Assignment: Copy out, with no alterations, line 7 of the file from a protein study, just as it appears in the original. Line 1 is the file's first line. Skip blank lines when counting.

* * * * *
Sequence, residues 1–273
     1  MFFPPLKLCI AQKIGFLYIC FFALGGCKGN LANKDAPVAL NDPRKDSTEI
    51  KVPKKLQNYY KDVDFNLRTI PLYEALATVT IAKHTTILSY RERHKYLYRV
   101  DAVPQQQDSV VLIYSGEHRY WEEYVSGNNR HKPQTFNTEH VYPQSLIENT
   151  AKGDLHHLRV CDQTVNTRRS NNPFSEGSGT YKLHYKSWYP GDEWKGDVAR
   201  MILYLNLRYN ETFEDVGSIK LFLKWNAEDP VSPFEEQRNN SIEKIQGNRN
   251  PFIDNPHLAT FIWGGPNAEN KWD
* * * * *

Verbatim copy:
   251  PFIDNPHLAT FIWGGPNAEN KWD